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LINNES - 03 / Bredde 140 100% Lin

LINNES - 03 / Bredde 140 100% Lin

LINNES - 04 / Bredde 140 100% Lin

LINNES - 04 / Bredde 140 100% Lin

Cave Paintings of Baja California - Archaeology Magazine Archive http://archive.archaeology.org/online/features/baja/

Cave Paintings of Baja California - Archaeology Magazine Archive http://archive.archaeology.org/online/features/baja/

"Norse socks were not knitted, which apparently was unknown to the Norse. Instead, they were made using an ancient technique called nálbinding (needle-binding). Using a single large, thick needle, it was a method of knotting the yarn. Although time consuming, this approach resulted in a nearly indestructible garment. If the thread were to break or wear out, the garment would still be intact, since the thread was everywhere knotted to neighboring threads." This sock found in York.

"Norse socks were not knitted, which apparently was unknown to the Norse. Instead, they were made using an ancient technique called nálbinding (needle-binding). Using a single large, thick needle, it was a method of knotting the yarn. Although time consuming, this approach resulted in a nearly indestructible garment. If the thread were to break or wear out, the garment would still be intact, since the thread was everywhere knotted to neighboring threads." This sock found in York.

How to Make a Replica Viking Chest, Based on the Mastermyr Find

How to Make a Replica Viking Chest, Based on the Mastermyr Find

Round Box Brooch, 700–900  Viking; Made in Gotland, Sweden  Copper alloy. A menagerie of tiny animals inhabits the interlace patterns on this round brooch. The four oval compartments on the top show beasts with round eyes, open jaws, claw feet, and intricately entwined bodies. Known as a box brooch because it was used as a container for small objects, it would have been worn by a Viking woman on the island of Gotland to secure her shawl at the collar.

Round Box Brooch, 700–900 Viking; Made in Gotland, Sweden Copper alloy. A menagerie of tiny animals inhabits the interlace patterns on this round brooch. The four oval compartments on the top show beasts with round eyes, open jaws, claw feet, and intricately entwined bodies. Known as a box brooch because it was used as a container for small objects, it would have been worn by a Viking woman on the island of Gotland to secure her shawl at the collar.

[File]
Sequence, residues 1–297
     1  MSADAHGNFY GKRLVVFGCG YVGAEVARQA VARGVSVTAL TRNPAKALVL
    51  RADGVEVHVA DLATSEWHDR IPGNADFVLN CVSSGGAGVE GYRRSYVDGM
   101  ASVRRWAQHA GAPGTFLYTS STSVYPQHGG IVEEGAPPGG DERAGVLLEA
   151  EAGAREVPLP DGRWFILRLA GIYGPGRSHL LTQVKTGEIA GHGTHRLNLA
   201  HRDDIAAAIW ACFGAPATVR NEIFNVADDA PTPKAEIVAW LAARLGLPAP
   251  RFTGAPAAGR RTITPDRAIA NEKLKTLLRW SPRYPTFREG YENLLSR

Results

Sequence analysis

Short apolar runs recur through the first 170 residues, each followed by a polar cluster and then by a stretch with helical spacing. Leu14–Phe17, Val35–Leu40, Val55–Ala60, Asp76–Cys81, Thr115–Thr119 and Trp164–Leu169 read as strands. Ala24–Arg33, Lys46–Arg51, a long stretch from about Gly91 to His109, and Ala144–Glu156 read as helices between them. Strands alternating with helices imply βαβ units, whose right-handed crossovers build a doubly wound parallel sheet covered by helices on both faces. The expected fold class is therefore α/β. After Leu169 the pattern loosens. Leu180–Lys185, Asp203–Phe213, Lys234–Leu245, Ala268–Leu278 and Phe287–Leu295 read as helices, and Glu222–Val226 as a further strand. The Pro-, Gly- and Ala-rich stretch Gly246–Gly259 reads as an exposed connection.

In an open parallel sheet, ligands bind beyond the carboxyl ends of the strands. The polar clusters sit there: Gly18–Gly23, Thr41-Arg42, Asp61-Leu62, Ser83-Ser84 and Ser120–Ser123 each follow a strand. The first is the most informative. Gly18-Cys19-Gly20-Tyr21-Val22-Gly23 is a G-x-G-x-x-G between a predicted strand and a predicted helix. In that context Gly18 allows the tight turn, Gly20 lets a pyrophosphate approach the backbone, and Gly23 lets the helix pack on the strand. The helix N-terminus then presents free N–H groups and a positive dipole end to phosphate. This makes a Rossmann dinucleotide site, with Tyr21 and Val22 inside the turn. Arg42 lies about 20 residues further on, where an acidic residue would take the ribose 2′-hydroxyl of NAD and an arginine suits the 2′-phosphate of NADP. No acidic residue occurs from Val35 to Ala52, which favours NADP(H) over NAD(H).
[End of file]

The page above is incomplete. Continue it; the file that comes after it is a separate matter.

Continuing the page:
Bilderesultat for brikkebånd oseberg

Bilderesultat for brikkebånd oseberg

Oseberg chest 178

Oseberg chest 178

Yggdrasil "world tree" (In Norse mythology, Yggdrasil (/ˈɪɡdrəsɪl/; from Old Norse Yggdrasill, pronounced [ˈyɡːˌdrasilː]) is an immense tree that is central in Norse cosmology, in connection to which the nine worlds exist.)

Yggdrasil "world tree" (In Norse mythology, Yggdrasil (/ˈɪɡdrəsɪl/; from Old Norse Yggdrasill, pronounced [ˈyɡːˌdrasilː]) is an immense tree that is central in Norse cosmology, in connection to which the nine worlds exist.)

It is a Norse protection symbol called Vegvísir, which has a deep meaning. The Icelandic word literally means ‘guidepost’ or ‘direction sign’. In modern popular culture the Vegvísir is often called Runic Compass or See the Way. It is often associated with the Viking Age, which is not correct: this symbol is from the 17th century Icelandic grimoire called Galdrabók (‘magic book’).

It is a Norse protection symbol called Vegvísir, which has a deep meaning. The Icelandic word literally means ‘guidepost’ or ‘direction sign’. In modern popular culture the Vegvísir is often called Runic Compass or See the Way. It is often associated with the Viking Age, which is not correct: this symbol is from the 17th century Icelandic grimoire called Galdrabók (‘magic book’).

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